Visit to the historic city in the Netherlands,"Dordrecht"(January 27, 2006)
Graduate Student of Osaka School of International Public Policy, Osaka University
The Netherlands has been concentrating on the conservation and renovation of historical buildings, as one of the governmental policies in the field of architecture and urban planning. The Historic Buildings and Ancient Monuments Act was enacted in 1988. In the Netherlands, there are more than 55 thousands buildings such as city halls, bridges, churches and museums, which are designated as gancient monumentsh.
During my stay in the Netherlands in 2005 as an academic Ambassadorial Scholar sponsored by the Rotary Foundation, I visited Dordrecht which was the hometown(in his youth) of my host Rotarian,Roel van de Weg. Dordrecht, the oldest city of Holland, has a historical inner city and is surrounded by several mighty rivers including the Old Maas river. It is situated in the southwestern part of the Netherlands. The harbors in Dordrecht have been in the past the busiest river points of Europe with boats and ships not only from the Netherlands but also from all over Europe. Along the canals in the city, there are traditional buildings and houses which made me feel to have gone back deeply in history. In Dordrecht, there are about 1000 buildings, in particular houses but also old churches, which are designated as historical buildings.
At the Dordrecht Museum, there are several 17th to early 20th century paintings from Dordrecht , especially I like the paintings about gcityscape g in Dordrecht at that time. I am impressed by the fact that people successfully preserved the historical buildings. For example, when I compared the glandscapeh which I saw this year (please see the picture I made in 2005), with the painting of the building, such as the clock tower with bell and the cafe and with the big trees painted in 1886 by Johan Barthold Jongking, I was really impressed by the fact that they are almost the same! I felt like slipping back in time to around that time.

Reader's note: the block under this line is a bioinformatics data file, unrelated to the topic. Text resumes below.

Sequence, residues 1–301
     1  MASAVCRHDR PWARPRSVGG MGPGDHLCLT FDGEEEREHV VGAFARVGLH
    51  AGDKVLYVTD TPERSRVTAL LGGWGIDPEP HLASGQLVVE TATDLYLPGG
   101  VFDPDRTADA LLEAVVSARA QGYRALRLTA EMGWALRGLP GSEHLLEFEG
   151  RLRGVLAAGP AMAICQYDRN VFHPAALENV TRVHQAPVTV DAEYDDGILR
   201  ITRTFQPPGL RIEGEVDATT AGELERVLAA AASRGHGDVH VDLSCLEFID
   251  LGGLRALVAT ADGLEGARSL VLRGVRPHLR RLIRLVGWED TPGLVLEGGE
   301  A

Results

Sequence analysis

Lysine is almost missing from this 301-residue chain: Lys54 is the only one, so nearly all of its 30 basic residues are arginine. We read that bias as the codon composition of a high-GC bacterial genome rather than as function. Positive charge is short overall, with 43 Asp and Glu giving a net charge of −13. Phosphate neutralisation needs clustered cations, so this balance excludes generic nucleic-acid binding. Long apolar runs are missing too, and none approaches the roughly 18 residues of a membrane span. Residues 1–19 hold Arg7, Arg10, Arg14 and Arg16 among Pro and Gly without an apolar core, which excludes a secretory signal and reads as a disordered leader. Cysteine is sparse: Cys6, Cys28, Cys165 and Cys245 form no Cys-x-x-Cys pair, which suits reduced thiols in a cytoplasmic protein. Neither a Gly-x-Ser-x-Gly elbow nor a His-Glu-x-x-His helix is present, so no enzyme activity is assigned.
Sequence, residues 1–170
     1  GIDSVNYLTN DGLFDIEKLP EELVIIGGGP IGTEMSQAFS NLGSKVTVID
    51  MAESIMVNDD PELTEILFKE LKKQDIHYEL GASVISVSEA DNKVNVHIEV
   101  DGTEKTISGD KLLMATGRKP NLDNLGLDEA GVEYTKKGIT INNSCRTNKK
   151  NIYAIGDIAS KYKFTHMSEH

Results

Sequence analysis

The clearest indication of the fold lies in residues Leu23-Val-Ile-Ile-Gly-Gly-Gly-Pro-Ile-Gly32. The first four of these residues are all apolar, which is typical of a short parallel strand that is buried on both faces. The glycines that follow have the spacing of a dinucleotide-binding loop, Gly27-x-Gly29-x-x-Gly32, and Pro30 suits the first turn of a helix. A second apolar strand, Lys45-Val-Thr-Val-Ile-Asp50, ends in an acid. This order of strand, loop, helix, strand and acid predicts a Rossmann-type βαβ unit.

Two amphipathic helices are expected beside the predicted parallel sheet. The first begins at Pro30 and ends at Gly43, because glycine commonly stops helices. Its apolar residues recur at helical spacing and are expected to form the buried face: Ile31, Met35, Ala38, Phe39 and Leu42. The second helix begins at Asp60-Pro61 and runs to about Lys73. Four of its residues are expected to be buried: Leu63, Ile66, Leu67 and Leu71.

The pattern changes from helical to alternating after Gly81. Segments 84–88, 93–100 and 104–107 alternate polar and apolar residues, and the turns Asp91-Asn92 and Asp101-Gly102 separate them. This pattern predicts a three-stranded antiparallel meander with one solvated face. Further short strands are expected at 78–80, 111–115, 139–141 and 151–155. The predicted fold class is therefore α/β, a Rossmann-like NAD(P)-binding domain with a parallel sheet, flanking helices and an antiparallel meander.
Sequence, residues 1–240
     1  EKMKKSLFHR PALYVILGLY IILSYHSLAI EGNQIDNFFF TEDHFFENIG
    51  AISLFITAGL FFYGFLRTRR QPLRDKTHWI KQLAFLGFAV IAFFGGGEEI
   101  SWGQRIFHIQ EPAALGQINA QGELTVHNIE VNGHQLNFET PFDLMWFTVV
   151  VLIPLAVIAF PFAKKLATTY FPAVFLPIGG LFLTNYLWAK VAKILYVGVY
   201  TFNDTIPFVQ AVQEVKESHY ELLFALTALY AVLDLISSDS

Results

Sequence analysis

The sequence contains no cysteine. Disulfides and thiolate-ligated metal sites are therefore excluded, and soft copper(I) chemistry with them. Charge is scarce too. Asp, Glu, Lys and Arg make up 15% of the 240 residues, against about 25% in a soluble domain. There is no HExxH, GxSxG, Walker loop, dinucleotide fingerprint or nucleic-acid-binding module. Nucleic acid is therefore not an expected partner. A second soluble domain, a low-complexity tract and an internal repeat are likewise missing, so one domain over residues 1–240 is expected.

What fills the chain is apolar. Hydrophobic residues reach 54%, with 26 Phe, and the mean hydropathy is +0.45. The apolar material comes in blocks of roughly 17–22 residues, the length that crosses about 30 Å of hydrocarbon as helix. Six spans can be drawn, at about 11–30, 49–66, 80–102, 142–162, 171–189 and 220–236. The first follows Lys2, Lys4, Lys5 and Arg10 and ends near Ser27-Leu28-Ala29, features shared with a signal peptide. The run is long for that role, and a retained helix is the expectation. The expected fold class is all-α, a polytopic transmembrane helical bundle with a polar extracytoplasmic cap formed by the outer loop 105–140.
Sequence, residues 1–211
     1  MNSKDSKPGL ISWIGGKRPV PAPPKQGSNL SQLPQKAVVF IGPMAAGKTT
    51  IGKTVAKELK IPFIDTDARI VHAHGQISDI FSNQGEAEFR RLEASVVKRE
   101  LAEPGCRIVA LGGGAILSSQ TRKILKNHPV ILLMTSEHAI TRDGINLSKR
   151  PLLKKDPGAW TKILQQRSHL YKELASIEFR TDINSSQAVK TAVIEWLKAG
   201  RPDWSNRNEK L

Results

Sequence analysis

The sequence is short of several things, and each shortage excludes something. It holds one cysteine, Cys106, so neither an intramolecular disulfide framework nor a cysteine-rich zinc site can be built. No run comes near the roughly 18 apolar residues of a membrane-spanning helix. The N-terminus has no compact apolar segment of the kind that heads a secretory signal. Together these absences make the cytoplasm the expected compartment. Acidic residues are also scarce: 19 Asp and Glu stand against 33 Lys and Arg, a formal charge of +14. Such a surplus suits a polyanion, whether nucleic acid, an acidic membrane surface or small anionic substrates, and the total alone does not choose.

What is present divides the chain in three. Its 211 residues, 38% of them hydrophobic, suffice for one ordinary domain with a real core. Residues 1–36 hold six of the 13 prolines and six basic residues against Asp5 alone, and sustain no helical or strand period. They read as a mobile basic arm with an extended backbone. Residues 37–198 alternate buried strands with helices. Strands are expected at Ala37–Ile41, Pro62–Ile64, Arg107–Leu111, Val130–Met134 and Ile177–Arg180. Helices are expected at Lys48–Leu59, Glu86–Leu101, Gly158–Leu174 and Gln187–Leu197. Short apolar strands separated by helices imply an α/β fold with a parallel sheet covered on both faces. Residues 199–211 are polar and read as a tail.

At the Open Monument Day, held in the second weekend of September, the
ancient monuments throughout theNetherlands, which are normally closed
or partly open to visitors are open to the public free of charge. Every
year, there is a special theme and this year (2005) it was gReligious
Heritageh. The information about all these buildings is available at the
tourist information office of each city.@Please visit the website of the
Dordrecht Museum at http://cms.dordrecht.nl/dordt?nav=wqbjEsHaKpPGbCAofB to see the drawings by Johan Barthold Jongking.
Comments from my host Rotarian, Roel van de Weg
What a surprise that you wrote an article about Dordrecht! I was really flabbergasted, how come? What was the reason for writing this article? To stress the fact that in Holland a lot is being done to preserve these remnants of the past? Thatfs right but it is a very costly affair! You wrote: that the website of the organisation which preserves the historical house (this house belongs to your sponsor Rotarian, Professor Hatada) Can you please explain this to me, which organisation, which historical house ,where (Osaka?) .
I looked also at the website you mentioned about Dordrecht, yes that is really a beautiful painting by Jongkind , and I remember that you took a picture when we passed that building by boat. I agree it looks if nothing has changed : you are right, even the trees like more or less the same !!!!!
But I am very proud of you writing about Dordrecht,- my home town - on a website in Japan!!
Roel van de Weg grew up in Dordrecht , finalized secondary school in 1958 (at the Johan de With Gymnasium,Dordrecht) , graduated at the University of Amsterdam (MSc.Physical Geography and Soil Science),after which he worked in the field of developing cooperation first 15 years in Asia and Africa, later from his base town Wageningen (The Netherlands) .He is Rotarian since 1991 and member of the R.C. Wageningen-Bergpoort (district 1560)